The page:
I found my wedding rings over the weekend after they’ve been missing for almost three years. I thought they were stolen because I couldn’t remember “losing” them, but I guess they were placed in a box for safe keeping but whomever placed it in the box didn’t tell me and they’ve been in that box for a long, long time. Good thing we didn’t throw the box out…or is it?
The reason we didn’t turn the house upside down once we realized the rings were missing is in part because hubby lost his so there was little that he could say to me at that time and also because we were probably going through marital problems at that time (but then again, when aren’t we?).
So, now the rings have re-surfaced and I haven’t put them back on. We’re once again in martial purgatory. Just two nights ago we had that talk again… (we seem to have it every year). We had a civil and rational conversation about what’s not working and what we’re going to do about it. These conversations can be very difficult, hurtful and emotional because we end up bringing up lots of hurtful issues from the past and inevitably we end up pointing figures at each other.
Although we’ve been married seven years, the issues haven’t changed – respect for family, expectations and appreciation – to name a few. However, for the first time hubby shared with me some issues of resentment that he’s been holding on to for more than seven years now. Since we seem to have this talk at least twice a year I thought I had heard and said everything, so I was surprised by his revelation. All I could do was listen and digest it all; I was speechless.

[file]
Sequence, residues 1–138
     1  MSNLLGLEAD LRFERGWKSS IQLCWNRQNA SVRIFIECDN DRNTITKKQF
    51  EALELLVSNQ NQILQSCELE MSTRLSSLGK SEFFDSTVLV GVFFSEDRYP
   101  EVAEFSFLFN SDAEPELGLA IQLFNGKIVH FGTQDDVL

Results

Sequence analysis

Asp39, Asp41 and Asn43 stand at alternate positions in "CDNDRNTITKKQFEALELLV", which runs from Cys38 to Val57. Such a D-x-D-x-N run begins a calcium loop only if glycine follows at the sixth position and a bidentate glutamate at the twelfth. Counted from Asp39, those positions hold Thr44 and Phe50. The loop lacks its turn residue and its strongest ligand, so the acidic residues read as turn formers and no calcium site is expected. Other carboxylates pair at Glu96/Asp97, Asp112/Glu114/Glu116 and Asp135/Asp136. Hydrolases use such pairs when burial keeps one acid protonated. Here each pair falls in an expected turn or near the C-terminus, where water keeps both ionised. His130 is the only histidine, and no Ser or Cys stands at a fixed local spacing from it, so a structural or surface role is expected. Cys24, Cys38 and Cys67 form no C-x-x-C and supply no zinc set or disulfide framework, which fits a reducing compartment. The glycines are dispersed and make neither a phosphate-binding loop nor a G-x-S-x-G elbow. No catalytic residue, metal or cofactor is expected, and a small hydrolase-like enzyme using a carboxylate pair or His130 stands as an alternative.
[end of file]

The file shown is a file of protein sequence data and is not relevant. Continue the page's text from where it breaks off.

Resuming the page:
For the first time in a long time I had to reflect on my role in this fragile marriage. I had become so accustomed telling him what he hadn’t done or hadn’t done right, that I never thought that there was anything that he could ever say that made sense to me about my role or lack thereof.
In my mind, there is no way that I could have possibly played a role in creating a volatile environment. My perspective of a failing relationship always comes down to fidelity. All my family images were of failing relationships which were rooted in infidelity. Despite my smarts, I figured all I had to do was “show up” and be faithful.
His revelation hit me hard because it had nothing to do with fidelity, but all about appreciation, hard work and expectations. I’ve been pondering his words for a few days now and I totally get it. I get why he’s been resentful and I get why he’s hurt.
Of course, this doesn’t solve our marriage, but my understanding of this issue is a breakthrough for us – at least if we ever talk to each other again.